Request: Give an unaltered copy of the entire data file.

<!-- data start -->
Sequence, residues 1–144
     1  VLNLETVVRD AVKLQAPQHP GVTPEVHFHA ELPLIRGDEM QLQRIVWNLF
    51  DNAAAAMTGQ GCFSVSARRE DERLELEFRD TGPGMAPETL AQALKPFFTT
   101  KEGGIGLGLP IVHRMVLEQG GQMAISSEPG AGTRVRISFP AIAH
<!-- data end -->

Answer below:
Sequence, residues 1–144
     1  VLNLETVVRD AVKLQAPQHP GVTPEVHFHA ELPLIRGDEM QLQRIVWNLF
    51  DNAAAAMTGQ GCFSVSARRE DERLELEFRD TGPGMAPETL AQALKPFFTT
   101  KEGGIGLGLP IVHRMVLEQG GQMAISSEPG AGTRVRISFP AIAH